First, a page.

Lilypie Angel and Memorial tickers

Lilypie Angel and Memorial tickers

19 Sep 2012

Babies cry, I cry.

I went to see my midwife yesterday. It was a "brave" visit - I went by myself. I checked on Wiggles before leaving, of course, he kicked up a storm and his heartbeat was great. Knowing my baby was alive, I felt so strong walking into the waiting room of the clinic that became so familiar by now.


There was a lady in the waiting room, sitting next to an empty car seat and baby things: a new grandma. I smiled politely and sat next to her (there aren't many seating options there...). It was getting uncomfortable: she seemed happy and eager to start a conversation while I just didn't want to go there, so I picked up a book on loosing a baby from the lovely library they have and sat back down next to her. I think the she got the message and I spent the next few minutes in relative peace (I was reading a book on loosing a baby after all).

A few paragraphs later I looked up from my book to see a glowing new mom and her baby come out of one of the rooms, big smile on her face. Everything slows down for me: baby is quiet, I see his head, full of blond hair, still has the cone shape. I look away, down, anywhere... They coo and woo and make a joke about him making a man-burp. I gather up all the smiles that I have in me, turn to them and agree with the man-burp description, saying how cute that is.

That's a first for me. I pat myself on the back and stare at the wall to catch a breath.


Front door opens, another car seat, another new mom. She sits right in front of me, the only available chair in the room. The baby is so brand new, his hair still looks sticky. I take another deep breath. I can do it.

A sudden cry from the back of the clinic alerts me to a third newborn. Three. Is that what I get for being strong? A year and a half after Amelia's death and birth, for the first time I look at a newborn with love in my heart, and then there are THREE? I feel my eyes swelling...

This should have been me last March, in that office with my own baby. I never went back after she was born, there was no need...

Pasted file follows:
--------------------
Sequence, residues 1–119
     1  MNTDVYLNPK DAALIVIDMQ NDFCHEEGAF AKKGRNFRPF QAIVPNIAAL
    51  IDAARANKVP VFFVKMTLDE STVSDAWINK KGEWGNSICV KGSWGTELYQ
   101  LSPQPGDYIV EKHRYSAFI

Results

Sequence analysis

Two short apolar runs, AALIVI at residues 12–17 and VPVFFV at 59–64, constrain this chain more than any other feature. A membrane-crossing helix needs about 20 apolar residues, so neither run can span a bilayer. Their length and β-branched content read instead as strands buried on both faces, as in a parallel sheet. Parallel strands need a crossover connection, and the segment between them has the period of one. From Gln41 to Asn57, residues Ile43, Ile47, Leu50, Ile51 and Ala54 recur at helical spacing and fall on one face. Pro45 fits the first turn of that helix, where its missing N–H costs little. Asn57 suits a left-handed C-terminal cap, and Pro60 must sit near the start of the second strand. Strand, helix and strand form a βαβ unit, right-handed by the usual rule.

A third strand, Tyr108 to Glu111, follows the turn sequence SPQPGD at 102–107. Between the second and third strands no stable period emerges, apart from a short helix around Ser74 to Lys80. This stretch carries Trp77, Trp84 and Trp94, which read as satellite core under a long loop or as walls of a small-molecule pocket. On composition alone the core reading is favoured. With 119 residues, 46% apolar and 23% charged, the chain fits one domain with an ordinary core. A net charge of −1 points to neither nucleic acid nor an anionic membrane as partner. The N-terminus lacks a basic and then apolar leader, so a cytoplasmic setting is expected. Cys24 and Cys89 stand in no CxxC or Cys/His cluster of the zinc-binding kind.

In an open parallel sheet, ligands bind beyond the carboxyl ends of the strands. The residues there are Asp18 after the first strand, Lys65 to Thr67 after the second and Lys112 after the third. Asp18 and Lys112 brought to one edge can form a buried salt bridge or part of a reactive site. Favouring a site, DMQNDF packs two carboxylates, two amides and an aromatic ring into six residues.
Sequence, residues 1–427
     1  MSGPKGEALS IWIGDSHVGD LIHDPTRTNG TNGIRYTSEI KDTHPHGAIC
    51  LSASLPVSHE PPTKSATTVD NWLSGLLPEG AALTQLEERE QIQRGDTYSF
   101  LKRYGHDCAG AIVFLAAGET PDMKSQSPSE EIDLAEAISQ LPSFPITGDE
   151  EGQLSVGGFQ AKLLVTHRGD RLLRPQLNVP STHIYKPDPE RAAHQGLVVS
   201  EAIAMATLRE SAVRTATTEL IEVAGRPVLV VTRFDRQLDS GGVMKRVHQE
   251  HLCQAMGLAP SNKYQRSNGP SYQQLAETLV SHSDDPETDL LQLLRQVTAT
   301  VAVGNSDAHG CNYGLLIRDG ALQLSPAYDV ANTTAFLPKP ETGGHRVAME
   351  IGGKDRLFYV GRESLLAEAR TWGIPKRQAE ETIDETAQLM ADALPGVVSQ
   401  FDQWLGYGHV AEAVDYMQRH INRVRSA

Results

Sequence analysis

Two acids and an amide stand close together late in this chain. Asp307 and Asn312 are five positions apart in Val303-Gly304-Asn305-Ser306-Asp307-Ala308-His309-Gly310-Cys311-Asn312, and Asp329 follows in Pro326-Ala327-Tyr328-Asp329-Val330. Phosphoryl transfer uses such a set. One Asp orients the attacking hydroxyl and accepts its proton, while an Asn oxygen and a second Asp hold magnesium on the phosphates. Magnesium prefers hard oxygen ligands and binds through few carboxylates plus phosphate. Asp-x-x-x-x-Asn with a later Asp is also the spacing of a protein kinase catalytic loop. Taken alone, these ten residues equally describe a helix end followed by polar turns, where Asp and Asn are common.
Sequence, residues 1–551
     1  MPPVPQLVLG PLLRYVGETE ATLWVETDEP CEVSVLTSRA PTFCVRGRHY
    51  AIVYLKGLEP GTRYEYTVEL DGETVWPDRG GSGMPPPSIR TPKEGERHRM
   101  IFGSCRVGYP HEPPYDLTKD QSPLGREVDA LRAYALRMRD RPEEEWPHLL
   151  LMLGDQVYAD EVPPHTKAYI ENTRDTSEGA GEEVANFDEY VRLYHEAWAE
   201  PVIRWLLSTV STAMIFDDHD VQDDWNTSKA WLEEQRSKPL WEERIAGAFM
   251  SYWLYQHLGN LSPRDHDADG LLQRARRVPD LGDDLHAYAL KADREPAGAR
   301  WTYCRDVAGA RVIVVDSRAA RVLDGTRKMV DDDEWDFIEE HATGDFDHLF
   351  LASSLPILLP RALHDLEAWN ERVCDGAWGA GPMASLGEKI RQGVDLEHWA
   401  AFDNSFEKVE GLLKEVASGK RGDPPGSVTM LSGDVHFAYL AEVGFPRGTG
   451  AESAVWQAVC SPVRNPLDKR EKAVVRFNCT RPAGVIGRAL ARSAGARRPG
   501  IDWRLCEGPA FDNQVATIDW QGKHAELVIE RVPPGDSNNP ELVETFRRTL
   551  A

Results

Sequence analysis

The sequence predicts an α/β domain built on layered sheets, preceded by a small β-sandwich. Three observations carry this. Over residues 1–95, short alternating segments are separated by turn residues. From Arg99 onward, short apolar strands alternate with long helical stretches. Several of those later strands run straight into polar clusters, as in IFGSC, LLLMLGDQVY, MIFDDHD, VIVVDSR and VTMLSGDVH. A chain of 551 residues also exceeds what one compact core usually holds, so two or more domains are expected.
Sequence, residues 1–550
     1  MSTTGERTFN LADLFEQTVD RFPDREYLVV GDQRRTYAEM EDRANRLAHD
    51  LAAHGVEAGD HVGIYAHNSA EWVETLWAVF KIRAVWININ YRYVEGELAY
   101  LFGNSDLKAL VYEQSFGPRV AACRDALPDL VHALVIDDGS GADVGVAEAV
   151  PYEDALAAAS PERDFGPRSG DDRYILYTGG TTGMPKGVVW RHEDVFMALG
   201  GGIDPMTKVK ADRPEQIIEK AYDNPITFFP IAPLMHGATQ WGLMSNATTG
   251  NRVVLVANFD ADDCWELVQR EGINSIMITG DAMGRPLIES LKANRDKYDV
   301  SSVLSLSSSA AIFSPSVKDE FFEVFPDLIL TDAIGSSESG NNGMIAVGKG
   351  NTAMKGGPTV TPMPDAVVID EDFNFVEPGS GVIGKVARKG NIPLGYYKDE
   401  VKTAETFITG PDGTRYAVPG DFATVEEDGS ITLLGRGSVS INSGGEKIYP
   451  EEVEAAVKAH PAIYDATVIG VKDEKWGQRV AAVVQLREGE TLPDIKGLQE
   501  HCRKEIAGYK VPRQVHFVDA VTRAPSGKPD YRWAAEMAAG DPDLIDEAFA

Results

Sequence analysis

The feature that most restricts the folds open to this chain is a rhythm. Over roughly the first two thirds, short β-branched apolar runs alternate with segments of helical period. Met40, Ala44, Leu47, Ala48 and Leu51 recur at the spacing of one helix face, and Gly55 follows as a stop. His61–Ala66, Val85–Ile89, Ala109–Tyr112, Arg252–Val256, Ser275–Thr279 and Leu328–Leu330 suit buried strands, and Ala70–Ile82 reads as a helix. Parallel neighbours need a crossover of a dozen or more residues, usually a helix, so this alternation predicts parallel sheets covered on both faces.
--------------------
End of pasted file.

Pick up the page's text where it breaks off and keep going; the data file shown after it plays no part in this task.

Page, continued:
The baby in front of me picks up on the cry and starts wailing. I can't hold it anymore. Tears are rolling down my cheeks. I try to keep distracted by texting my husband, my friends, but no luck. The babies cry louder and louder and I'm starting to shake.

Finally my midwife opens the door and I find refuge on her shoulder, with all my snotty tears. I'm so grateful to have an understanding and compassionate friend in her, someone who is not scared of me, of Amelia. After the tears fade I realise that those walls are thin, they must have heard me cry...

Oh well, we all cry sometimes.

I really wish there was more understanding of how hard it is for us to see newborn babies. Not because we don't love babies, but because we love our own so much it hurts.

11 Sep 2012

Well-meaning comment that I hate.

Everything will be OK this time, trust me.

Said a complete stranger, an acquaintance, a relative, a friend, and everyone in between.

You are healthy, so your baby will be ok. I know it!

At this point, if I can, I walk away. I have nothing to say to someone who has a direct line to G-O-D, who can see into the future. Because if they do, why didn't they tell me Amelia was going to die?

Funny thing is, I was absolutely normal and healthy when pregnant with Amelia. There was no reason for concern. We all trusted that everything would be ok, why wouldn't it... But it wasn't.

My doctors don't know why Amelia died, but there is a reason. It can be something rather simple, or something very complicated. It can be anything. Babies are resilient, but fragile. Life is fragile. My OB does not tell me that things will be ok this time around, she just watches me closely and plans on doing more so as Wiggles grows. She also isn't planning on taking any risks, so most likely Wiggles will be born before our Christmas Eve due date.

So that's the truth: We don't know what killed Amelia and we are doing everything we can to prevent the unknown from striking again. Hoping for the best, while remaining realistic. Not optimistic, not pessimistic. Realistic. Babies die, but most live. We don't know the future, and neither do complete strangers, acquaintances, relatives and friends. That's life.

When I hear the things will be fine comment, I feel that people try to diminish what we went through with Amelia, like something was supposed to be wrong with her all along, like her death gives all our future children a safety blanket, like I didn't give birth to a healthy-looking dead baby, like the fact that my reality is different from most other realities out there.

It minimises the real fear I have every minute of every day of this pregnancy, that I will have to survive the death of another baby, my baby. It is not the same fear as people have when bad things happen to others, it's the fear of bad things happening to me while others watch with relief that it isn't them.


So, the best thing to say is: Good Luck.

That's all. Two words.